CRI Focus Areas

Say Goodbye to Medicare and Private Health Insurance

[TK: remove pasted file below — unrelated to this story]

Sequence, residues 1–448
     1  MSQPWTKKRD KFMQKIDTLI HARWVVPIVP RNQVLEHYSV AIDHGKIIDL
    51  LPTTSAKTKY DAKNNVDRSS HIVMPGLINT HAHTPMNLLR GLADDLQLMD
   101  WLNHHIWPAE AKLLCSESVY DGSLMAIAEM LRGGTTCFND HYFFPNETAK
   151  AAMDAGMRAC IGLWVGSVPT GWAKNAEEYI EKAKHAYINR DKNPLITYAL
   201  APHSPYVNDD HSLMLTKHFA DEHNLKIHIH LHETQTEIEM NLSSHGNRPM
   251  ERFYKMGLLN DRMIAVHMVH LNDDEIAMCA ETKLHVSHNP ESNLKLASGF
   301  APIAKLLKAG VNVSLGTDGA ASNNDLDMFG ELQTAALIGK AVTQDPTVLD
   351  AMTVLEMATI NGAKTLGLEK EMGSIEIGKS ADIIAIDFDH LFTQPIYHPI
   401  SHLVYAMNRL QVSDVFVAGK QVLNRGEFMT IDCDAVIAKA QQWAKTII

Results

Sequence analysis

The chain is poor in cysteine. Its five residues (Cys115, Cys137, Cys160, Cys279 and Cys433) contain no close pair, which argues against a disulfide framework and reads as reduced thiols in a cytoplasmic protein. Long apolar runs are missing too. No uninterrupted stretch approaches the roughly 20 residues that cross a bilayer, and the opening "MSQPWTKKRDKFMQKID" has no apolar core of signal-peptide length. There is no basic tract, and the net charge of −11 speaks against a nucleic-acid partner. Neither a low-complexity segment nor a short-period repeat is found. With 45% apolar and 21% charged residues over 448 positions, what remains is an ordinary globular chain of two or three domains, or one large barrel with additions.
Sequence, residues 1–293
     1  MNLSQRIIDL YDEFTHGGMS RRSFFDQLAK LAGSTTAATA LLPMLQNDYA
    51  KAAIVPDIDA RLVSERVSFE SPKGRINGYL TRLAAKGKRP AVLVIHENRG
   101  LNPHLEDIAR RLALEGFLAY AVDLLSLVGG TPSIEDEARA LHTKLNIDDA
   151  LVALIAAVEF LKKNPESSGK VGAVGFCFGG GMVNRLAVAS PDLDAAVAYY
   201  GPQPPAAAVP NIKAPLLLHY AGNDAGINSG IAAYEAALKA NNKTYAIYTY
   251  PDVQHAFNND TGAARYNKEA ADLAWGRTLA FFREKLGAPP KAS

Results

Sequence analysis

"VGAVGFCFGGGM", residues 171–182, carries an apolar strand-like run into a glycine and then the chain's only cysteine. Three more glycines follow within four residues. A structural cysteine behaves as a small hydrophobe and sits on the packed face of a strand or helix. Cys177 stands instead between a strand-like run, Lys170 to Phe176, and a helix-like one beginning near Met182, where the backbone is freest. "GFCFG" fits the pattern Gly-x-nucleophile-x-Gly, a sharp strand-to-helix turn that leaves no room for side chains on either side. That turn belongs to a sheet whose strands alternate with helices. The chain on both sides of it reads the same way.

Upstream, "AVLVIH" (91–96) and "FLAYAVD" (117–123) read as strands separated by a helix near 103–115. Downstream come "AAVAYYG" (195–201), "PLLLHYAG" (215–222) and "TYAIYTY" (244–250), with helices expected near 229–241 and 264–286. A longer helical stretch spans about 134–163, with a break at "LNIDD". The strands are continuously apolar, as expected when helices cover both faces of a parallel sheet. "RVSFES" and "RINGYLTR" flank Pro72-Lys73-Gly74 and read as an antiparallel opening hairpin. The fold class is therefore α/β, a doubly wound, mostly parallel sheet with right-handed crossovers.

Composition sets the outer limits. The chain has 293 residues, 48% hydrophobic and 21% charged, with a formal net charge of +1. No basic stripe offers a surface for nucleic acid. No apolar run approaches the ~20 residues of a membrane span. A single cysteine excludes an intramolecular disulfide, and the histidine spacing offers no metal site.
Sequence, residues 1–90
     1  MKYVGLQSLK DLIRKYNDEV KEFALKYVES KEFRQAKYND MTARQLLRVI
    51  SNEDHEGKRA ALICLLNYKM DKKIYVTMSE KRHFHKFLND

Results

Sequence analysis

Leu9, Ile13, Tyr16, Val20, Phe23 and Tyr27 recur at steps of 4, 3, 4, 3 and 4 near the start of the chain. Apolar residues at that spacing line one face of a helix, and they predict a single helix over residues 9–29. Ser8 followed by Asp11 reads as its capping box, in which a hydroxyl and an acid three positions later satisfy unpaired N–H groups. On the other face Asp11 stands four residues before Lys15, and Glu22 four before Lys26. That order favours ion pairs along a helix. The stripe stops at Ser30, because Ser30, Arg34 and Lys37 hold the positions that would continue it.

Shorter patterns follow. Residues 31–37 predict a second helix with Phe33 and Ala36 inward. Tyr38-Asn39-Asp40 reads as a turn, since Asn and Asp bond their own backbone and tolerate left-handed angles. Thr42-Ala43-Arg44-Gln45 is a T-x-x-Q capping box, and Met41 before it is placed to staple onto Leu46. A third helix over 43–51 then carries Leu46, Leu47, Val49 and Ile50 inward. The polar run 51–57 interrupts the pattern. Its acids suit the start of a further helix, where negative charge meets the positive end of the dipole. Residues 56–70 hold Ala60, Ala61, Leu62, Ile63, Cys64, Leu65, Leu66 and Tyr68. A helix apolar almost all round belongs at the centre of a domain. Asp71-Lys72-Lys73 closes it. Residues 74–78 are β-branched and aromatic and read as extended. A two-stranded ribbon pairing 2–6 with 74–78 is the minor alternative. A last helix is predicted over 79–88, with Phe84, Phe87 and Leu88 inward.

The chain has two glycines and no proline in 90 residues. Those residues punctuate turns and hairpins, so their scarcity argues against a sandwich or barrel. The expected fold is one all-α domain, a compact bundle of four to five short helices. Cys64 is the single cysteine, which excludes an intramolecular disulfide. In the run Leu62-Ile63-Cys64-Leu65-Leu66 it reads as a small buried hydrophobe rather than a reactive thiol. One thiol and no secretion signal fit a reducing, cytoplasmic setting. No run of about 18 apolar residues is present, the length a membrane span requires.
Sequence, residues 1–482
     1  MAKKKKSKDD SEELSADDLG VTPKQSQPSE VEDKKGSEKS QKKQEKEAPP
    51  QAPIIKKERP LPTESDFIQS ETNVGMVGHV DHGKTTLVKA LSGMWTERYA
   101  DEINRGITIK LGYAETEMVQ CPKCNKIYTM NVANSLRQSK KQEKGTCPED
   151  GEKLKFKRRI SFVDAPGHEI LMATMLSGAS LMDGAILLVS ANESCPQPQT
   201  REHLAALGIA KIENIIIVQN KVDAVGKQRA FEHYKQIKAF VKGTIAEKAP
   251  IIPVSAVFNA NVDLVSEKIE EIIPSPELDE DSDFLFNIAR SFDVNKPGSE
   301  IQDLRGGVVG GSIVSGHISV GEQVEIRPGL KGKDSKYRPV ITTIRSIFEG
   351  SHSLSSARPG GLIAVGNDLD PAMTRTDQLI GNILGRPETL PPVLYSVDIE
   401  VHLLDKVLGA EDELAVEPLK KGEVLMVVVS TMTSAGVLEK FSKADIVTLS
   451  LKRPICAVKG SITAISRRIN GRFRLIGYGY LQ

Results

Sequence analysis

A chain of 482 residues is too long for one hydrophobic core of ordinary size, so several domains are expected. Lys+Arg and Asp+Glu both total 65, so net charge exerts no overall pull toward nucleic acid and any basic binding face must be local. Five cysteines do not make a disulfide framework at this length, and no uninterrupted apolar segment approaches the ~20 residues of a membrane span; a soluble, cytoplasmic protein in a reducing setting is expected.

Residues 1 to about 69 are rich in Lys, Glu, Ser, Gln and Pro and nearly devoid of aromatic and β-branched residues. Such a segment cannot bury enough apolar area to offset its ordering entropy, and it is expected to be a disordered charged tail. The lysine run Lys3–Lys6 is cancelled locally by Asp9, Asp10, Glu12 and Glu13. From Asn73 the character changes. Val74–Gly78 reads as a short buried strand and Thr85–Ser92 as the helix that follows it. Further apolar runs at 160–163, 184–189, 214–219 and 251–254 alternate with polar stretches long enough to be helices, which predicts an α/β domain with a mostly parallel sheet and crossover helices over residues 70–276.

When Paul Ryan proposed Medicare entitlement reform, there were advertisements showing him dumping an elderly woman out of a wheelchair over a cliff. These were run by the Democratic National Committee to demonize the efforts of the Republicans to salvage the Medicare program by modifying age eligibility in the future for someone under the current age of 55. When the Affordable Care Act, known as "Obamacare" was proposed, most honest analyses of the bill concluded it was unaffordable. Most of us, this author included, were ridiculed for coming to that conclusion. Our concern was that it would limit access to care especially for seniors, thereby "Culling the Herd".               "You have to pass this bill so we can find out whats in it."– Nancy Pelosi said about the ACA, which was deemed to have passed without a vote.               Now that the funding mechanisms for the affordable care act have failed catastrophically and it is obvious that the cost is 3-5 times the original White House projections, there is a desperate push to speed implementation of the law. This effort will insinuate the law’s concepts into the fabric of our government and accelerate the end of Medicare Advantage and private health insurance in general.               By the fall of 2011 Secretary Kathleen Sebelius had completely canceled the long-term care insurance program which was designed to put $300 billion into the ACA because no one bought the insurance. Now Secretary Sebelius has pulled back the government purchase subsidies to Medicare Advantage programs which will mean most of these programs will cease to be offered by independent health insurance companies. This pullback is so dramatic that such firebrand "progressives" as Chuck Schumer and Kirsten Gillibrand have now come out against this action from the Center for Medicaid and Medicare services (CMS). Over a quarter of current seniors have these plans, and closer to 40% in NY and Fla. There goes Granny, cliff diving.               As a consequence, the congressional oversight committee reversed Sebelius and CMS April first and reinstated the subsidies to the Advantage programs, for one year for 2014.               One by one the funding mechanisms for the program have collapsed. The states have been unable thus far to set up exchanges in a timely manner or fund the expansion of the Medicaid system to increase access to health insurance. The Federal exchanges required by the law if the States fail to set them up are even farther behind and appear to be beyond the capability of the government to accomplish. Proposed taxes on medical devices was most recently rejected by Congress by an overwhelming majority. Six out of seven people thought to be uninsurable because of pre-existing conditions continue to be without health insurance.               Unbelievably, the individual health care costs for patients with pre-existing conditions, on average, have exceeded $4.6 million per patient. This has drained the insurance system to the tune of almost $400 billion compared to the $5 billion that was set aside to buy the uninsurable coverage for the next 8 years. Obviously, this fund is already depleted. Those excess costs were paid by the private insurance industry and will be passed on to the consumer in the form of increased premiums. This will make private health insurance too expensive for most Americans to afford and will effectively end private health insurance.               The number of uninsured people has risen. The cost of health insurance has risen dramatically as opposed to the promise of a decrease. Access to medical services such as total hip and knee replacements has been significantly restricted starting in October 2011. Access to private health insurance will likely end by the end of 2017. Since this past February payments to doctors and hospitals has decreased across-the-board, leading many to reconsider their practice and to consider retirement from medical services. Make no mistake: these efforts are successfully limiting the access to care, which is the desired outcome the government intended from the beginning.               There is no amount of obfuscation or spin that can reasonably deny the failure of "Obamacare". On no single point have the core objections to the ACA been proven untrue, while the promises of those pushing the act have all proven false. "If you like your health insurance you could keep it", but only if you can afford it and if it is being offered anymore by any carrier. "If you like your doctors you can keep them", but only if your doctors have not retired or will still accept your plan or Medicaid or Medicare.               The colossal irony is the arrogance of those who are true believers in the single-payer system or socialized medicine.  They are now doubling down, accelerating the effort to get the program firmly in place even as it collapses around them, They are hoping against hope they can first eliminate the existing healthcare delivery system leaving in its void this disaster of Obamacare as the only choice.               My error in writing "Culling the Herd" in 2009 was that I was not cynical enough to believe the actual goal was not only to destroy the current healthcare delivery system and insurance system but to also destroy Medicare as we know it. I apologize for being so naive.   Chris Casscells, MD Director, Center for of Health Policy Caesar Rodney Institute


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